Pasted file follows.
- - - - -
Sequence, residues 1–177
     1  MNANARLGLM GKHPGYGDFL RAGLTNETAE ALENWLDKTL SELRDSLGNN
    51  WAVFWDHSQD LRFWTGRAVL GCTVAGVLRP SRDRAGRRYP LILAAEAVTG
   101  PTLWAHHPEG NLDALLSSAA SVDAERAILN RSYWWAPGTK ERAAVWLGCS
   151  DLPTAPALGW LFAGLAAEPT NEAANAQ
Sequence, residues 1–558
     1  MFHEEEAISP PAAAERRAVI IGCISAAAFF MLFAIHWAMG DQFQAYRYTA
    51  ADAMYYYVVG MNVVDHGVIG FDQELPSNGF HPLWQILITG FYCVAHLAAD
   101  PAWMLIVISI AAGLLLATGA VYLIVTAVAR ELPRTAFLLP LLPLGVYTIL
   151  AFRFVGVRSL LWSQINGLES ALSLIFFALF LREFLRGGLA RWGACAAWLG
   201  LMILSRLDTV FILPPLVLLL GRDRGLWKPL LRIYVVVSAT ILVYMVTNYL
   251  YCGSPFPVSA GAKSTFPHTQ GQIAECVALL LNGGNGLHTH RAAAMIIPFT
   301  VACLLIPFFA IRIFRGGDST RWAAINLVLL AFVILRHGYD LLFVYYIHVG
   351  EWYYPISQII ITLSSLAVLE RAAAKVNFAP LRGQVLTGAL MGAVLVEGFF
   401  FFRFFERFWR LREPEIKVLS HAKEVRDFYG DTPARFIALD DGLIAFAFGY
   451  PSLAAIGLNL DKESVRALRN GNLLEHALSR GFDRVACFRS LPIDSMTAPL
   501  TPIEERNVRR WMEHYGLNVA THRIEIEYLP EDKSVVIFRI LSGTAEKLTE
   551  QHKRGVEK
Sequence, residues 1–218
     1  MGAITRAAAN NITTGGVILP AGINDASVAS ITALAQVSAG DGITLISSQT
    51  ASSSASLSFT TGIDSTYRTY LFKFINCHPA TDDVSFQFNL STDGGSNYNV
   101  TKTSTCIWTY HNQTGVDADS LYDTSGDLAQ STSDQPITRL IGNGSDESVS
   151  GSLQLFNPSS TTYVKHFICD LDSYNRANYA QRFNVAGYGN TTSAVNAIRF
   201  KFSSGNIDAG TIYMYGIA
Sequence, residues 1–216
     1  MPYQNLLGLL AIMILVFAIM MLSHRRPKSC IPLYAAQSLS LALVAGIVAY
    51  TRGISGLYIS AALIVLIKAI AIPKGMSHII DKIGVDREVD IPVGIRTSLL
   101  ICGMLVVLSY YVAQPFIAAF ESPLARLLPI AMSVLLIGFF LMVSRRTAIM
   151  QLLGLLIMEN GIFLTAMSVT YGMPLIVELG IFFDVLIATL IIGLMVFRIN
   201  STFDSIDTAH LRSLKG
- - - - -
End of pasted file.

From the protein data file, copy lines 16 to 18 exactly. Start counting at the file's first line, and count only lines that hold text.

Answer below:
   451  PSLAAIGLNL DKESVRALRN GNLLEHALSR GFDRVACFRS LPIDSMTAPL
   501  TPIEERNVRR WMEHYGLNVA THRIEIEYLP EDKSVVIFRI LSGTAEKLTE
   551  QHKRGVEK